Debt Spending On Kids Sports?

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File this phenomenon under the heading ‘I Don’t Get It’.  Parents are now going into debt to fund their kids sports and extracurricular activities because they believe that the skills will help them earn more money some day.  What?

The recent survey from, shows that 8 out of 10 of today’s parents believe that the money they spend on sports (30%), music (16%), dance (16%), gymnastics (15%), cheerleading (9%),  martial arts (8%), and even beauty pageants (3%), is an investment that will pay off financially for their kids.

And these parents are serious about it.  The survey says 62% of these parents are going into debt to fund the activities – about $3,000 already on average.  Most of the debt is racked up on credit cards and 64% of them are already “stressed about being able to pay” the debt off.

I wrote this post about the surprising cost of kids’ sports when I joined a tennis club a few years ago.  Since then, I’ve spoken with dozens of people who pay thousands and thousands of dollars each year on sports – sometimes for more than one kid in their household.  Our son was in scouts, band, ran cross-country/track, and which maybe cost us hundreds of dollars a year, but certainly not thousands.

As a public service, I thought I would include this chart which shows the very long odds of making money in professional sports (source) …

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I’m a big fan of sports at all levels – high school, college, and professional.  These and other activities are a lot of what a well-lived life is filled with.  That said, anyone who thinks these are solid investments for making money in the future (except in a small number of unique cases) are seriously deluding themselves.


Image Credit: Pixabay

6 thoughts on “Debt Spending On Kids Sports?

  1. This is crazy, but we were guilty of also spending a small fortune with both of our girls playing Travel Softball and other sports over their youths. Both were college level athletes and our youngest daughter was a high level D1 pitching prospect and offered several scholarships opportunities to play softball. (Which she ended up turning down.) But we always made sports about them having fun and learning good life lessons such as discipline and team work, etc. Anyone banking on sports as an investment is just plain crazy or ignorant of the actual statistics.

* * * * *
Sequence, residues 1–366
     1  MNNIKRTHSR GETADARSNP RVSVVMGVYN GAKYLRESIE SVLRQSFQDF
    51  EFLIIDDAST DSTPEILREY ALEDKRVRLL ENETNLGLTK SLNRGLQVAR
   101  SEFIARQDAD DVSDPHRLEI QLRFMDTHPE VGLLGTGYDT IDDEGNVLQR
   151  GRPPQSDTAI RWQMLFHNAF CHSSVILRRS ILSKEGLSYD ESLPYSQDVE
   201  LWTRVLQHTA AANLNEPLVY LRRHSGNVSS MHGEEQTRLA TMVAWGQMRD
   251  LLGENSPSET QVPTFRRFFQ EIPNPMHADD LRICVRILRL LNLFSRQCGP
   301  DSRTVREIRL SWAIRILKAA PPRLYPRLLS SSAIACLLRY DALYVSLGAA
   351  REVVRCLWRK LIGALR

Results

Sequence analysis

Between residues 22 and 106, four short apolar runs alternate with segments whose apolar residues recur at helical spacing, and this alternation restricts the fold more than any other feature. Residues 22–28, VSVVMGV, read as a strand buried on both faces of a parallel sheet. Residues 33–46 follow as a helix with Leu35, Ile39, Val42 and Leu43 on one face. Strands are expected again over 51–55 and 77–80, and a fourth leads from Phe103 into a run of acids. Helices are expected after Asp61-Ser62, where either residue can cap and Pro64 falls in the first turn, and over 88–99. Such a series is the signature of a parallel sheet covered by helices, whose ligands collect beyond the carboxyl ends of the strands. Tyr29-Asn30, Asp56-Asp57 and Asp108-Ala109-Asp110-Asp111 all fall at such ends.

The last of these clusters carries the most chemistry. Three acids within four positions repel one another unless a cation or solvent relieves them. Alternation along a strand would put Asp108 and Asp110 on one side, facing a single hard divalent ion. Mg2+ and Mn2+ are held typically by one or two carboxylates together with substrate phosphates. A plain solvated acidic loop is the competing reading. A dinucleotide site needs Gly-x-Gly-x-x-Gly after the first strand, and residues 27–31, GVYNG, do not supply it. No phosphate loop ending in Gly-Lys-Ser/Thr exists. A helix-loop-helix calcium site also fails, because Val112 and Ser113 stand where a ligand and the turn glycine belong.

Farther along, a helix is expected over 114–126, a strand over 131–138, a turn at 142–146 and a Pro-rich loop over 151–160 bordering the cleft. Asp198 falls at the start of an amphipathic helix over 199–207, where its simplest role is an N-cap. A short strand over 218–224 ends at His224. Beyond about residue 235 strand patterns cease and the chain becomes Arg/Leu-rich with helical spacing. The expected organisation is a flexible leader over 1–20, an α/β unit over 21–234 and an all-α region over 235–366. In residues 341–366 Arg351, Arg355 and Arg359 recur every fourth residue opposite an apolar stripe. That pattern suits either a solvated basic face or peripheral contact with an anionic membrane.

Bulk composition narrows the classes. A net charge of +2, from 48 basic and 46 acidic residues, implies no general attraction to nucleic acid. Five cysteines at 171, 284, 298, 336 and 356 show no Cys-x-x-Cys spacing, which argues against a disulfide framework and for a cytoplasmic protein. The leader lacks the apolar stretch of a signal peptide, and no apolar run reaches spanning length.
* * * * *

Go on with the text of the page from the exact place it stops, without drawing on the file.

Liked by 1 person

    1. It sounds like they were both pretty talented. I could probably get some coaching on my terrible softball swing!


      1. Hit line drives and you’ll soon be going yard. Ted Williams used to say, see the ball big and hit the middle. I used to tell my girls to see the ball as big as a cantaloupe, and you can’t miss slicing it in half. But my best advice for a slow pitch swing is to lift with your elbow when you drink! 😜🍻

        Liked by 1 person

      2. Going to the batting cage tomorrow – and out for a beer afterward. Great timing to get these tips!


  2. I never went into debt over it but I know the costs all to well. My son has played baseball since he was 5. Little League, travel ball and now high school. I’m sure we have spent a small fortune over this time. I consider it a cost of his happiness more than an investment.

    Liked by 1 person

    1. It’s a great investment in happiness, for sure. I’m still playing league softball in my 50s!


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